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MAME deserves fame

Readers express devotion for the mysterious Mr. Do, tell us how much they’d like to be MAMEd, and keep the debate alive on whether programmers truly are a dime a dozen.

I enjoyed your recent column about old arcade games “Play, but don’t get MAMEd”. My favorite was an Apple II game, “International Grand Prix,” which used the Apple low-resolution graphics to create real Grand Prix racetracks and, as one reviewer said, “solved the joystick problem” for controlling the car.

I am hoping that this game, or something like it, was converted to the PC. All of the racing games I know of have flying cars or too many engine tune-up options. — Judy Myers,

MAME is a wonderful program which brings back the nostalgic days of the arcade. I think the IDSA should embrace MAME and welcome anyone who wants to distribute the ROMs. Why don’t they make a deal with the MAME creators and sell MAME and the ROMs on a CD? I’d buy it if I didn’t already have all 2000+ games already on 2 DVDs–I have connections. — Ronnie Stedman,

I loved that article about MAME and how those ancient games should be in public domain. I am an avid player of MAME and the ROMs, especially “Galaga” and “Mr. Do.”

I’d like to see an article that expands on this subject–abandonware. These are games (arcade, console and PC) that are no longer manufactured, marketed, supported, or commercially exploited. The copyright owners are hoarding them and want them to disappear. The means the software is no longer supported by OSes or hardware. The only way to play them is to build a legacy system, like I did, or find an emulator, like DOS Box.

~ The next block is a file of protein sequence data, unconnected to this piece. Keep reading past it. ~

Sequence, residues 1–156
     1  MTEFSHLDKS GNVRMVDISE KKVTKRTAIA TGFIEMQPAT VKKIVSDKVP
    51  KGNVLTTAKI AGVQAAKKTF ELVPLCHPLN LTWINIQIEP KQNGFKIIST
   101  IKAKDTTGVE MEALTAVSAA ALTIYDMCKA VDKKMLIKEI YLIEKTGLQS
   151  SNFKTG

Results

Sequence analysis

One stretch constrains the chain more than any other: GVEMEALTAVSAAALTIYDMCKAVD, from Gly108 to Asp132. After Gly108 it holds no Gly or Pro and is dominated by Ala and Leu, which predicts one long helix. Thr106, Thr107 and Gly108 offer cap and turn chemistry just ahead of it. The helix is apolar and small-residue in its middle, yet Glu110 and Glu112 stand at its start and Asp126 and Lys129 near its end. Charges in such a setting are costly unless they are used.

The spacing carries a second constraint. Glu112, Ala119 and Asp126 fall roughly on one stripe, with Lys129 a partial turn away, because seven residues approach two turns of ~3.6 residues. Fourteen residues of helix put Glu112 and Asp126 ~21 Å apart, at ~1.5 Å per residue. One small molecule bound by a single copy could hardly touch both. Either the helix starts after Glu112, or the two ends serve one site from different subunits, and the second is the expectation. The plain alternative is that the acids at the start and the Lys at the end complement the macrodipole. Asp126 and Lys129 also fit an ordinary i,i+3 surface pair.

Then you have to find the software itself. Finding legal copies is very difficult, but fortunately there are advocates of the old games that post them on the Internet. A site along these lines that’s worth looking at is Home of the Underdog. — Jeff Tank,

I read your article on the visa program that allows worker from other countries to come to the United States and take jobs away from U.S. citizens (“Programmers: 10¢/doz.?” July).

I was a Merchant Seaman for 16 years and I watched our government help foreign workers from mostly Muslim countries come here and obtain high-paying shipping jobs. Now, elected officials work overtime to repeal laws that supported the U.S. seaman–laws such as the one that once dictated that all cargo originating in the United States was to be shipped on U.S. vessels. [Specifically, the Jones Act, formally known as the Merchant Marine Act of 1920, states that only U.S.-built, U.S.-crewed and U.S.-registered ships can stop at two consecutive American ports for transporting cargo. –eds.] Today less than 40 percent of U.S. cargo is ship overseas on U.S.-flagged ships.

I can tell you that I am not in favor of Americans losing jobs to foreign labor. I understand that all people have a right to work, but we as American citizens should have an advantage over foreigners. In 2000, I stopped shipping because jobs were few and far between. I took courses in networking and computer repair, and I am certified in CCNA, A+, Cisco multilayer switches and more. Now I see the same thing happening to the IT workers that happened to us in shipping.

I only can suggest that IT workers form a group of concerned people to bring this issue to the American public and our government soon before IT ends up like we did–from a 3,000-ship union to less than 400 in 20 years. — Donald Williams

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